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The original Xbox launched on November 15, meaning that Microsoft’s first console is nearing its 20th anniversary.

Our own Dean Takahashi chatted with Xbox co-creator Seamus Blackley during our GamesBeat Summit Next digital event earlier this week. During the discussion, Blackley explained what he learned from the monumental project.

“The biggest lesson is to stick with your convictions,” Blackley said. “And it sounds incredibly stupid and naïve, but it’s so true. I think in retrospect, you look at something like Xbox — or really any successful project — and you think, it was obvious, or it must have been really fun to work on that. And when people ask that, yeah, I want to tell them it was really great. I want to tell them a nice story. The part that is hard to talk about is that at the time nobody knew that it was going to work. In fact internally a lot of people at Microsoft called the project “coffin box.” And all sorts of people who said they would help or support ended up leaving.”

Blackley noted that sometimes the project’s future would seem so uncertain that he’d drive home in tears worried about his career. But he notes that feelings like that are common when you’re working on a hard and consequential project like Xbox. It’s important to stick with your vision or else you’ll certainly fail, and you’ll have failed for nothing. And what was the vision for Xbox?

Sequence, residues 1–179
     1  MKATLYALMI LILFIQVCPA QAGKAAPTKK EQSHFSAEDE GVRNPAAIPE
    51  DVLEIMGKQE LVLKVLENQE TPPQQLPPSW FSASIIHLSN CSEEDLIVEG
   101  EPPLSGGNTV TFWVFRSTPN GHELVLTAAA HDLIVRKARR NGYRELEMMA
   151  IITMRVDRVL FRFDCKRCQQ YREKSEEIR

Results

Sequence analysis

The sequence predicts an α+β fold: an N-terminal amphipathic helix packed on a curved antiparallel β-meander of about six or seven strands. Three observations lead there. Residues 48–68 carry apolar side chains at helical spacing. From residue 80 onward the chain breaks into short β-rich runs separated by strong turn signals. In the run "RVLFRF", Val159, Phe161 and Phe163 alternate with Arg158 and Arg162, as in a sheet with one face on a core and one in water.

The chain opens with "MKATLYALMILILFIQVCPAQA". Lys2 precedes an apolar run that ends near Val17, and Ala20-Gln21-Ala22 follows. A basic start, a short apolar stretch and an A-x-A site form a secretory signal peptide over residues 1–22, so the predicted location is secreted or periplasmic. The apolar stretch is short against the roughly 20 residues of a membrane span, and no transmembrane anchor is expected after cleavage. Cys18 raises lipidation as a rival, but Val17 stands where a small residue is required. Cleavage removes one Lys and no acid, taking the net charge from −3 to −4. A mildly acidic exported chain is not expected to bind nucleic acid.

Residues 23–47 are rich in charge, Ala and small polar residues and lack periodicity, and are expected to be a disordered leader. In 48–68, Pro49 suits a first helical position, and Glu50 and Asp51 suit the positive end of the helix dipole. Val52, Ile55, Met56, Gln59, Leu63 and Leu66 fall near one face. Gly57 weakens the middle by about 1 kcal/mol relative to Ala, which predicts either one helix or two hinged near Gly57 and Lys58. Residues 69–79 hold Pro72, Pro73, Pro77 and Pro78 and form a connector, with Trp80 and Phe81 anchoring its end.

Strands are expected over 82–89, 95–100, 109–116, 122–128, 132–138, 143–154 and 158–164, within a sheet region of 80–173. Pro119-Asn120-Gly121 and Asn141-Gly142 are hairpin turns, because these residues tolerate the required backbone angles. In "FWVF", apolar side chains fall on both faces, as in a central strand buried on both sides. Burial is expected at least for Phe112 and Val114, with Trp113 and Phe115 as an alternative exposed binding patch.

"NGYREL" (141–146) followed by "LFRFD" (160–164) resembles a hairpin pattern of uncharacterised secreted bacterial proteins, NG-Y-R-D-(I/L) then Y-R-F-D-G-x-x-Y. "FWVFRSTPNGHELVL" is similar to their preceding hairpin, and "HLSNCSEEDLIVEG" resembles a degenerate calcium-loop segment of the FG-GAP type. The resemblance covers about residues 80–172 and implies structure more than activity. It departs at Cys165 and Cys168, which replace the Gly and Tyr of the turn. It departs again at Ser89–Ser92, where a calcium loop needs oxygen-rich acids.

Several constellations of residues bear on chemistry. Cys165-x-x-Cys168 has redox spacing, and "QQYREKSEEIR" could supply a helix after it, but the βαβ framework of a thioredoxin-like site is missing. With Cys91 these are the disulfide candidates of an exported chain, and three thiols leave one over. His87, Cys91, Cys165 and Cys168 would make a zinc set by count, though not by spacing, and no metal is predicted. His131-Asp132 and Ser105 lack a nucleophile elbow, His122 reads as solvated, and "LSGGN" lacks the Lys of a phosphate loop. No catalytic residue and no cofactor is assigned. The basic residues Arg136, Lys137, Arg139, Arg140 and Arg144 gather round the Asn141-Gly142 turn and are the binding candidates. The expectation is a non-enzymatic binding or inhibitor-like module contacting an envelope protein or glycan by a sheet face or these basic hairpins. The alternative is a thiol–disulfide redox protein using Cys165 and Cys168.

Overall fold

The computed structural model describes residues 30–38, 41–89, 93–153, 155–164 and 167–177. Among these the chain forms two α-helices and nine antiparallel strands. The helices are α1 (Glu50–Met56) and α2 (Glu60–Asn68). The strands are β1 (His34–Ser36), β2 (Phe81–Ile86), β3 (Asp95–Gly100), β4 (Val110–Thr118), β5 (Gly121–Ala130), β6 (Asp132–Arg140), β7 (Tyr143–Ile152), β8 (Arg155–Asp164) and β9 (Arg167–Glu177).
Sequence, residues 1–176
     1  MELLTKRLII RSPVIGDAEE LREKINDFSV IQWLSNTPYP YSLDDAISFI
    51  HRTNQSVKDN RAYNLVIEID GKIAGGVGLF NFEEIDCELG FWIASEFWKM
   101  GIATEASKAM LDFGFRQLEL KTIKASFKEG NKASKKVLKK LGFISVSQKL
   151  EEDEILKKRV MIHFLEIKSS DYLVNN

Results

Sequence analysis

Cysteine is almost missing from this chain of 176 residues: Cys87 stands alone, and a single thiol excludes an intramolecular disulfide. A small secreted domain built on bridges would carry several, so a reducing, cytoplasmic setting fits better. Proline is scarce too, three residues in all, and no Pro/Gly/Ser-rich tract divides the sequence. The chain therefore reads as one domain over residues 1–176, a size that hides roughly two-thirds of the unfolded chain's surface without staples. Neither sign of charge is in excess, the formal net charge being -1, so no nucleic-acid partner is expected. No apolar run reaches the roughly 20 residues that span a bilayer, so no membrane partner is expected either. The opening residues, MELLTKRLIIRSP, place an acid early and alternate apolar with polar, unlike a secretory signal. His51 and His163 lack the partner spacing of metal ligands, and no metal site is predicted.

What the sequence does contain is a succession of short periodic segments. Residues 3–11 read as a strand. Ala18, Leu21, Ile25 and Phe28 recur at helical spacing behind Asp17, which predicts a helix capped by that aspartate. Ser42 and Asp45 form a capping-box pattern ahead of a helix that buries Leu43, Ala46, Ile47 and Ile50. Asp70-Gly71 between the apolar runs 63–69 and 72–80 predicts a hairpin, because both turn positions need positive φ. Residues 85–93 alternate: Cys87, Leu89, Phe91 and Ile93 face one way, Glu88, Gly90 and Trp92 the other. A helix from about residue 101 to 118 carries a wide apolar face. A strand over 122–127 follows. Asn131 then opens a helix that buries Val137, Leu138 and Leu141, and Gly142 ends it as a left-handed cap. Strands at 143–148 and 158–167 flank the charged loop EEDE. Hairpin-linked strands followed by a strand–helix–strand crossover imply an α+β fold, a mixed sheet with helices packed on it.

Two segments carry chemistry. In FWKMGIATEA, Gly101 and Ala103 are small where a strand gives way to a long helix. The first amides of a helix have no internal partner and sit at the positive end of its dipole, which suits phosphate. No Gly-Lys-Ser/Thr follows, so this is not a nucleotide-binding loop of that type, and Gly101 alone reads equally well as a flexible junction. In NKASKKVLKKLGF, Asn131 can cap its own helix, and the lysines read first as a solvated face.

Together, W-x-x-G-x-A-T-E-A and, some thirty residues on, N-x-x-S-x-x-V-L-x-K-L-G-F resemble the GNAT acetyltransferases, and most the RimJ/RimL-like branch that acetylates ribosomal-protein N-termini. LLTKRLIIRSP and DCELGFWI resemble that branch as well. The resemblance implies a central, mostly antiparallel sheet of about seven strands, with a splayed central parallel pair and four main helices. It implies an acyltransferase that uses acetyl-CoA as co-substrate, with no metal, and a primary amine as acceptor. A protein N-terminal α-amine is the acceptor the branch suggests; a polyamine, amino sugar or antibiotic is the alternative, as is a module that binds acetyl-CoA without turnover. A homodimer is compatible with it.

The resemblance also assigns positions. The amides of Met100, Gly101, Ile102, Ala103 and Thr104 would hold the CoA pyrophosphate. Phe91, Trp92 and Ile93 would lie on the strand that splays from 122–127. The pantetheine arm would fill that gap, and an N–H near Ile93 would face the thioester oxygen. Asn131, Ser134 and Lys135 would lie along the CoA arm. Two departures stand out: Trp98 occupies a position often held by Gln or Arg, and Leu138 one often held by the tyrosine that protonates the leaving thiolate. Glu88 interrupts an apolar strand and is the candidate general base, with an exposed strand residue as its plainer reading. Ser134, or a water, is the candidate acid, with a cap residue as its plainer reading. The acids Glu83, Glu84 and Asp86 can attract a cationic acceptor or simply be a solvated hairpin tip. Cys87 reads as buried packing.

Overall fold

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“We thought that with this technology — creating a platform where the tool and delivery hardware were the same device — that we would really empower creative people to do more stuff with less friction,” Blackley explained.

X marks the start

We take the Xbox brand for granted today, but in 2001 its success was far from a guarantee. Japanese console makers had dominated the market since the Nintendo Entertainment System. Sure, Microsoft had the money to compete, but so did Google.

Of course, Microsoft had help when it debuted Xbox with Halo, which became a big hit and one of the most consequential launch games of all time. But even then, the original Xbox was only a mild success. Its total sales don’t come close to the era’s top machine, PlayStation 2. But Microsoft has kept investing in the brand, and now Xbox is thriving with the Series X and Series S.

But without the work of Blackley and that original Xbox team, the console market would look dramatically different today. You can see all of Blackley’s talk with Dean in the video above. Happy birthday, Xbox!

The RetroBeat is a weekly column that looks at gaming’s past, diving into classics, new retro titles, or looking at how old favorites — and their design techniques — inspire today’s market and experiences. If you have any retro-themed projects or scoops you’d like to send my way, please contact me.

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